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Money Talk: Overdraft 'protection' can be deceiving

Q: Like many Americans, I often must scramble to make ends meet between paychecks. I vigilantly monitor my account online, and when my balance is getting low, I curb my expenses as best I can.

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Q: Like many Americans, I often must scramble to make ends meet between paychecks. I vigilantly monitor my account online, and when my balance is getting low, I curb my expenses as best I can.

Recently, I have had an overdraft experience that leaves me wondering about ethics and legalities. It was three days from payday and I had about $45 in my account.

I made four purchases under $10. Then a $54 automatic payment came through that I could not reschedule. One would think I would then be charged one overdraft fee, as all of the previous purchases made were within my available funds at the time.

I logged in today to find that the bank cleared the largest transaction first, which threw all other small transactions into overdraft. I was charged five overdraft fees because of this rearrangement of clearance order. I talked to a customer service manager who said that nothing could be done.

Essentially, it appears that the bank is manipulating transactions to capitalize on overdraft fees. This strikes me as unethical, and I wonder if I have any rights in this situation? Aside from getting a better job and making more money, what can I do to protect myself?


A: Of course the bank is manipulating your transactions to increase its fees. Most banks do. Lawmakers and regulators have questioned the practice, but so far it's not illegal.

What you can do to protect yourself is to stop living paycheck to paycheck. That may sound like a flip answer when you're on the financial edge, but you'll never get ahead as long as a $54 overdraft can throw your finances into chaos.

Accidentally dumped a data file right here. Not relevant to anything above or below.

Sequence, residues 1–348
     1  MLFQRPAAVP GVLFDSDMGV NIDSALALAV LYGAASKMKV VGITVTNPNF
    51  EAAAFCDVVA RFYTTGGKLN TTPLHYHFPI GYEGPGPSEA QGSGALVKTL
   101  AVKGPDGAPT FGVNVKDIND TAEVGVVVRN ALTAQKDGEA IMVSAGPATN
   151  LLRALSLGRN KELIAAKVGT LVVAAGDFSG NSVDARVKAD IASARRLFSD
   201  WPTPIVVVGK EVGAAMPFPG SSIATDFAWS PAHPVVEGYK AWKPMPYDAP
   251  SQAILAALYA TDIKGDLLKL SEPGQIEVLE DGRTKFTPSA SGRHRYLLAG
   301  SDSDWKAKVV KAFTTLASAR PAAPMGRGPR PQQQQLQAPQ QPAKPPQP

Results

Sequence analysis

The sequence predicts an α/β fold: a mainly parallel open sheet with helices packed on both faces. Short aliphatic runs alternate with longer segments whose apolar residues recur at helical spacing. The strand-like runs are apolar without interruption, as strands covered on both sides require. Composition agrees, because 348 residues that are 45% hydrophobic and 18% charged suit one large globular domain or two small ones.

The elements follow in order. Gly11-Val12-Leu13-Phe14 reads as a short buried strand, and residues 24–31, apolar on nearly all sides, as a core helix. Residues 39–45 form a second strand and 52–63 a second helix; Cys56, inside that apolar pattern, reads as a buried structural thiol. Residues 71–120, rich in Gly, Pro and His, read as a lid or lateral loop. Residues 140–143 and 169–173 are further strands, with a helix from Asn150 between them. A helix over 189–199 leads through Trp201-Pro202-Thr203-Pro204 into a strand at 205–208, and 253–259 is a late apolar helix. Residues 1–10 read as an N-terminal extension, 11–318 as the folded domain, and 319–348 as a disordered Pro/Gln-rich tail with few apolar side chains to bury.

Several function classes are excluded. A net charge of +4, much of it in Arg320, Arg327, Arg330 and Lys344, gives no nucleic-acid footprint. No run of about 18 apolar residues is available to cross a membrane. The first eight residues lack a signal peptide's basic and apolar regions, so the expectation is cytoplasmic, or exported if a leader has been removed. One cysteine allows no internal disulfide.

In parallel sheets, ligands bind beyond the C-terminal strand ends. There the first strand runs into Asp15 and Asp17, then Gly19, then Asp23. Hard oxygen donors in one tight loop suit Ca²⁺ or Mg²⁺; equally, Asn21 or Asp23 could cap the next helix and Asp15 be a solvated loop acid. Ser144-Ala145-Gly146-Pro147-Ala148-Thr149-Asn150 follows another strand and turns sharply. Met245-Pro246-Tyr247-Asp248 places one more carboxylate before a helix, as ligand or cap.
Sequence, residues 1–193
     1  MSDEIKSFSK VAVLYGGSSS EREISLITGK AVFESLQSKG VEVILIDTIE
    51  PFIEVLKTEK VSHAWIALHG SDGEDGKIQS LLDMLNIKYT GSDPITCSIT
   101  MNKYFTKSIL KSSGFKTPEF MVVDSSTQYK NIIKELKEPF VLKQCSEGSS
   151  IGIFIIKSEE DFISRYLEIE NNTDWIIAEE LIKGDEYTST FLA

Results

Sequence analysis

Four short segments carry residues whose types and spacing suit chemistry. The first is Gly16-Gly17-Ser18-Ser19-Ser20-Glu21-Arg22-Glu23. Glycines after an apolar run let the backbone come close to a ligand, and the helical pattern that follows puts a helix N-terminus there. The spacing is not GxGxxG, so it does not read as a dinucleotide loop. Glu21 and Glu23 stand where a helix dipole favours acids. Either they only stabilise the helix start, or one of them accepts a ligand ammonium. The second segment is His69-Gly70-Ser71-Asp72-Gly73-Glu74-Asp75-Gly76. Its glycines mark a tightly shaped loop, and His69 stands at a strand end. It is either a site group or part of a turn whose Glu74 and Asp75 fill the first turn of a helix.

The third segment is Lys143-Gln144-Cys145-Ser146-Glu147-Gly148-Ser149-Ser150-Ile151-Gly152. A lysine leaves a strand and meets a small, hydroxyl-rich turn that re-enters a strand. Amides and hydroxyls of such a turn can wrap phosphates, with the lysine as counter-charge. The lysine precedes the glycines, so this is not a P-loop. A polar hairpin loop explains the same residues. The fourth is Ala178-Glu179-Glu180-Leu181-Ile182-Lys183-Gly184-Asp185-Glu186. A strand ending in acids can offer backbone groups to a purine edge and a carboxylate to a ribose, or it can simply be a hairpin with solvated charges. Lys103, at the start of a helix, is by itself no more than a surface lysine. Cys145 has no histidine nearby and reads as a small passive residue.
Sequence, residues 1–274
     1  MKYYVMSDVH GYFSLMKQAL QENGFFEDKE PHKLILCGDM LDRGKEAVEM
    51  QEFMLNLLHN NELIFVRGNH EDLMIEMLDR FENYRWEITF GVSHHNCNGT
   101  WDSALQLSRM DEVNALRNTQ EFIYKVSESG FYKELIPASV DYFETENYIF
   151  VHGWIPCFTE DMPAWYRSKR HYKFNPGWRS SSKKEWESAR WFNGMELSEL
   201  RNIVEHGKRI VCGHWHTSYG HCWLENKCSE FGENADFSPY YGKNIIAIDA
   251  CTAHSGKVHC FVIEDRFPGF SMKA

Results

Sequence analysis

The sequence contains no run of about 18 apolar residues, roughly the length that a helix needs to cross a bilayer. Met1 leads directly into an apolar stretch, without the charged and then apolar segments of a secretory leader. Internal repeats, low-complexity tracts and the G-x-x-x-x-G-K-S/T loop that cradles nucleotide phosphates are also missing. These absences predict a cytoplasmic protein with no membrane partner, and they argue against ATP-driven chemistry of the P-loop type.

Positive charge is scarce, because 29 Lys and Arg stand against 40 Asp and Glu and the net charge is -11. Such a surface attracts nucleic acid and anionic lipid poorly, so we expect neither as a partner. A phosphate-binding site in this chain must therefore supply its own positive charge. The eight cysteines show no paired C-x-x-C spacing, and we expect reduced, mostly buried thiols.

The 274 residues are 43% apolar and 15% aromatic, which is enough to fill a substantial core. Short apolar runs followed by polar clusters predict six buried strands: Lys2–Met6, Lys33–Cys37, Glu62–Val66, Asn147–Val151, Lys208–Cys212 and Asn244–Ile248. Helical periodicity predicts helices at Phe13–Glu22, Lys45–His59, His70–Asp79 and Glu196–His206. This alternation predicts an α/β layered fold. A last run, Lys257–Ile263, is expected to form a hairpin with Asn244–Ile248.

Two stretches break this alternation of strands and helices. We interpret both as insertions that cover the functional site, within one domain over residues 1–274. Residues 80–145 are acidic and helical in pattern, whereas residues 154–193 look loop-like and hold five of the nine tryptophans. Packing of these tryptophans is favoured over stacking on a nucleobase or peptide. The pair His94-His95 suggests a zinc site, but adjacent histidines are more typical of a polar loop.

Having just a $500 cushion in the bank can reduce not just bounced-check fees but also worry, sleeplessness and lost productivity at work, according to a savings review by Stephen Brobeck, executive director of the Consumer Federation of America.

How do you get a cushion? Try a "no spending" month. Limit your purchases to true essentials. Eat out of your cupboards instead of at restaurants. Entertain yourself at home or at the library. Most people can raise at least a couple hundred dollars this way, which you could supplement by having a yard sale and selling unneeded items online.

If you want more ideas, there are a wealth of frugal-living Web sites. Start with one of the oldest, the Dollar Stretcher, at www.stretcher.com .

You also need to limit the bank's ability to swamp you with "gotcha" fees.

First, sign up for true overdraft protection. Banks often automatically enroll you in an inferior substitute, called "bounce protection" or "courtesy overdraft." These programs allow the banks to approve over-limit transactions and charge you $30 or more for each one.

True overdraft, by contrast, links your checking account to another of your own accounts: typically a savings account, line of credit or credit card. If your transaction exceeds your balance, the money is drawn from one of these accounts. You'll pay an annual fee of around $50 and possibly a $10-per-transaction fee, but the costs for making a mistake will be substantially lower than under bounce protection.


If the bank won't approve you for true overdraft, ask it to stop approving over-limit transactions. If it won't, take your business elsewhere.

Q: Do you recommend taking funds from a money market account to pay off high-interest credit cards? We are ages 57 and 60. One of us is retired and one is still employed.

A: The answer to this question is more complicated than you might think.

All things being equal, it makes sense to use cash in a low-interest money market account to pay off much higher-rate debt.

You may be taking a big risk if the money is all the cash you have in the world and paying the debt would wipe out this emergency fund. Just in case, you may want to use only a portion of your cash to pay down the debt and pay the rest off out of your current income.

You'll also want to examine why you got into credit card debt in the first place.

Liz Pulliam Weston is the author of the book "Your Credit Score: Your Money and What's at Stake." Questions for possible inclusion in her column may be sent to 3940 Laurel Canyon Blvd., No. 238, Studio City, CA 91604, or via the "Contact Liz" form at www.asklizweston.com .

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